As much as Bangkok residents may relish the right to decide which Bangkok governor candidate to vote for early next month, the race has become a glaring reminder of inequality on at least two fronts. First, the absolute lack of a level playing field for m
With the Election Commission allowing a campaign budget of up to Bt49 million for the Bangkok poll, it virtually ensures that only the really rich or big-party-backed candidates have any chance of attracting the attention of voters and winning. It would take a minimum wage earner four decades to save Bt40 million.
Most of the mainstream media have also, whether intentionally or not, focused on the two big party hopefuls. They may argue that these two are the most likely to win, but in doing so, the rest have even dimmer chances of winning.
To make matters worse, Bangkok’s four leading pollsters mostly focus on no more than three or four candidates, if not just two. Then you have the well-oiled political machinery of the two big parties, their leaders, provincial MPs and city councillors campaigning on their behalf.
This may make you wonder whether there is any point having independent candidates at all.
Those who may prefer independent candidates are confronted with the prospect of voting for someone who may never be able to muster enough votes to win, thus “wasting” their vote.
But if they don’t vote for these independent candidates, the chance of having promising and qualified independents running in the next election will be even slimmer.
While Bangkok people toy with the idea of whom to elect, the rest of the country has to put up with appointed governors.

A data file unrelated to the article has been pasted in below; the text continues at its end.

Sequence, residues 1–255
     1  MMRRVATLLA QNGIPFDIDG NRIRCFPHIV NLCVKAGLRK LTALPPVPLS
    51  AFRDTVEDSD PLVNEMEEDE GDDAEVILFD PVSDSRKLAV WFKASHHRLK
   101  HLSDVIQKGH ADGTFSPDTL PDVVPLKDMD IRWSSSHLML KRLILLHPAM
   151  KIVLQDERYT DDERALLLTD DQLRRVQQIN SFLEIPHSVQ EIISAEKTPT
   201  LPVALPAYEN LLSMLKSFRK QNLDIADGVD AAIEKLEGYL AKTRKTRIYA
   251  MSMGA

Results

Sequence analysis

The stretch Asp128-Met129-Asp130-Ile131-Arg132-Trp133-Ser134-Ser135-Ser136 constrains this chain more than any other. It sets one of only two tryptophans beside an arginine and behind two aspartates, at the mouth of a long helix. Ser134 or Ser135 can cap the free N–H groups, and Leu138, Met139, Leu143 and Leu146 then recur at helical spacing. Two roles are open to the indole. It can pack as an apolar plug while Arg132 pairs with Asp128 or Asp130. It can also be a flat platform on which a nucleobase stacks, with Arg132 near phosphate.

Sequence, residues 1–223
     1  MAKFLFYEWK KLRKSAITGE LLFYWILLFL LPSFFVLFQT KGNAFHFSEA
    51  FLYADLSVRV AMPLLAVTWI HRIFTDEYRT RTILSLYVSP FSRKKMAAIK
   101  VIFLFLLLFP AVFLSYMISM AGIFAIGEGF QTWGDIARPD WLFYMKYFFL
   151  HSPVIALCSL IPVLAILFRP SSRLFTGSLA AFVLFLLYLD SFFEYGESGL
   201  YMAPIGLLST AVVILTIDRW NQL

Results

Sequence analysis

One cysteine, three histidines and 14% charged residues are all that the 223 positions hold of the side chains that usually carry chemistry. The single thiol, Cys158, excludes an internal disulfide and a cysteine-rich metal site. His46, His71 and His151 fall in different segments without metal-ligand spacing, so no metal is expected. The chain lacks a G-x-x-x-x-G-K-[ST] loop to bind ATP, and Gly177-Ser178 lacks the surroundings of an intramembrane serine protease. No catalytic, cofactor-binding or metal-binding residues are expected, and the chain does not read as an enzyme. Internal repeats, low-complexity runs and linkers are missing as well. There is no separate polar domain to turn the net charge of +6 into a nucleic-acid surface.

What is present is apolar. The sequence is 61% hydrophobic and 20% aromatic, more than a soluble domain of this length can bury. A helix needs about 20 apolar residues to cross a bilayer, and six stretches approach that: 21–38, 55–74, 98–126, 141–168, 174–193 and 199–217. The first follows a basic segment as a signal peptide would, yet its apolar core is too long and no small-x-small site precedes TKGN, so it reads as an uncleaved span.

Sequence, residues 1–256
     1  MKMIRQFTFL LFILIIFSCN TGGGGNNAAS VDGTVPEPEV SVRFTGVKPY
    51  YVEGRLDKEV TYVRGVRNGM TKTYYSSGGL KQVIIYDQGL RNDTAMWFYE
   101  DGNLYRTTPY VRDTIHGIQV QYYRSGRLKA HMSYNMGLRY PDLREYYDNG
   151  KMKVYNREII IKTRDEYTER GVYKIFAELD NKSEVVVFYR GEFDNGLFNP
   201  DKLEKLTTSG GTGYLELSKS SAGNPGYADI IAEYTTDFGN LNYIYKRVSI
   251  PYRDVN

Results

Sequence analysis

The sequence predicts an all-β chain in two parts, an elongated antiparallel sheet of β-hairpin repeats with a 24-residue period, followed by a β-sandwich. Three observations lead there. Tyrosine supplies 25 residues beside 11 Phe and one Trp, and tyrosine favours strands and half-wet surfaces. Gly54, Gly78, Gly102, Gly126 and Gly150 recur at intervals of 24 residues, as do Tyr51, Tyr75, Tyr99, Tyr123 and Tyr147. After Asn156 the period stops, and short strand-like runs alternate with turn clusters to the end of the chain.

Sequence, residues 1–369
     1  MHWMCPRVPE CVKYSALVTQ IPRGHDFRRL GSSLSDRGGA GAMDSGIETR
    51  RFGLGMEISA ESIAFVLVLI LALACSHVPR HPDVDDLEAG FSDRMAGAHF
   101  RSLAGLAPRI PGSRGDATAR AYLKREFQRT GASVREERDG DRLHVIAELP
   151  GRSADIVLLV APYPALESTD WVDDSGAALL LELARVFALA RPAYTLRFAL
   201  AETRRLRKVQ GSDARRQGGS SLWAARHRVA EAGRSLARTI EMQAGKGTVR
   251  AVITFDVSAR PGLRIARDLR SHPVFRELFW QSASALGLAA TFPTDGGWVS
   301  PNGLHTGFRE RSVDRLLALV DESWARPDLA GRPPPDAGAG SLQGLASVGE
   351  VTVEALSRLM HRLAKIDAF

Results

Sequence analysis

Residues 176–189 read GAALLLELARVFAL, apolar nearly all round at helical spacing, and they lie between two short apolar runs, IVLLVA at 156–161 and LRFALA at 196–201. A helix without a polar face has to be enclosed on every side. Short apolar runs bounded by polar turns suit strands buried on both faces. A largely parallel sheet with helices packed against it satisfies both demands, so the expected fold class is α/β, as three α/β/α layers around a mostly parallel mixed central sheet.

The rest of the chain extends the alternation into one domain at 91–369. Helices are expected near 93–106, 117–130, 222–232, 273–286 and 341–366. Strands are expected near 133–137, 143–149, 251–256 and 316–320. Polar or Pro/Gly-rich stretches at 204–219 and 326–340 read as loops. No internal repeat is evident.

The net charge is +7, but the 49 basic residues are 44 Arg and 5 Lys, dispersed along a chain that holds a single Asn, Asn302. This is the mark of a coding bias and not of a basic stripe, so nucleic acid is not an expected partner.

The system of appointed governors dates back to over a century ago when Bangkok centralised its power with a model “inspired” by colonial administrations in neighbouring countries under Western imperialists.
This outdated system has been maintained despite the fact that cities like Chiang Mai are much older than Bangkok and their people should have had the right to elect their own governor long ago.
An appointed governor cannot be expected to be as responsive as an elected governor, but due to the central government’s wanting to maintain power, the provinces continue to be treated as if they’re colonies of Bangkok.
Typical arguments for the continuation of this double standard range from distrust of provincial people’s rational facilities and maturity to fear of secession.
Opponents of elected governors for the rest of the country claim godfather figures or drug barons would be elected if we allow local people to decide who should best serve as their governor. This sense of exceptionalism held by many Bangkok people is becoming increasingly conspicuous as residents in the capital go on electing their own governor time and again without any trouble.
Thailand as a whole would benefit if, for a start, large and well-established provinces and cities like Chiang Mai, Pattani and Khon Kaen could choose their own governor.
Alas no government over the years, including the current Yingluck Shinawatra administration, has been keen on pushing for this long-overdue decentralisation, as they want to keep power to themselves.
Each province has potential that could be unleashed with an elected governor willing to truly listen and serve the local people instead of the government in Bangkok. It takes a lot of ignorance and prejudice to continue to claim and justify that such a system should continue.
A true level playing field is needed in Thai politics and democracy. However, this can never be achieved if there is no recognition of such a need to begin with.